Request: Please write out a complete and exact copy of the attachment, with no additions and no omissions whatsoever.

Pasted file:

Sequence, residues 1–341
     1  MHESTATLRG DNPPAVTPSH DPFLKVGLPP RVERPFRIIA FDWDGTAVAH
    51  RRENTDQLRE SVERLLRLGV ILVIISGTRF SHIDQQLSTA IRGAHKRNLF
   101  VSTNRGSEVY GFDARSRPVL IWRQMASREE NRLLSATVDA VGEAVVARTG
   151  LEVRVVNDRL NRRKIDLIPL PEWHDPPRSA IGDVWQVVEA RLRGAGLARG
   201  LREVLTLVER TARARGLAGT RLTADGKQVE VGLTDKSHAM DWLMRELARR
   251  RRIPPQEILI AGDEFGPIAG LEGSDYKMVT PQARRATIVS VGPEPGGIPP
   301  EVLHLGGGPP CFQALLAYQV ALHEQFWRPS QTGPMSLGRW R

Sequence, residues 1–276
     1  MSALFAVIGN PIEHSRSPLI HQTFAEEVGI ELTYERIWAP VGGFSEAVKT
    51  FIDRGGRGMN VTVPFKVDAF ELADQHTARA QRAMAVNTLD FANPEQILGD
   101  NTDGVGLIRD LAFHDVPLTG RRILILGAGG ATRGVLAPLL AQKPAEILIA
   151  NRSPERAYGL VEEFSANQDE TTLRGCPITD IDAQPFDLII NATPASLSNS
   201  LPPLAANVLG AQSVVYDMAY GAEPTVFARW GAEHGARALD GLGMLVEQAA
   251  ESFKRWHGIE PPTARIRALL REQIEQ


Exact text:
Sequence, residues 1–341
     1  MHESTATLRG DNPPAVTPSH DPFLKVGLPP RVERPFRIIA FDWDGTAVAH
    51  RRENTDQLRE SVERLLRLGV ILVIISGTRF SHIDQQLSTA IRGAHKRNLF
   101  VSTNRGSEVY GFDARSRPVL IWRQMASREE NRLLSATVDA VGEAVVARTG
   151  LEVRVVNDRL NRRKIDLIPL PEWHDPPRSA IGDVWQVVEA RLRGAGLARG
   201  LREVLTLVER TARARGLAGT RLTADGKQVE VGLTDKSHAM DWLMRELARR
   251  RRIPPQEILI AGDEFGPIAG LEGSDYKMVT PQARRATIVS VGPEPGGIPP
   301  EVLHLGGGPP CFQALLAYQV ALHEQFWRPS QTGPMSLGRW R

Sequence, residues 1–276
     1  MSALFAVIGN PIEHSRSPLI HQTFAEEVGI ELTYERIWAP VGGFSEAVKT
    51  FIDRGGRGMN VTVPFKVDAF ELADQHTARA QRAMAVNTLD FANPEQILGD
   101  NTDGVGLIRD LAFHDVPLTG RRILILGAGG ATRGVLAPLL AQKPAEILIA
   151  NRSPERAYGL VEEFSANQDE TTLRGCPITD IDAQPFDLII NATPASLSNS
   201  LPPLAANVLG AQSVVYDMAY GAEPTVFARW GAEHGARALD GLGMLVEQAA
   251  ESFKRWHGIE PPTARIRALL REQIEQ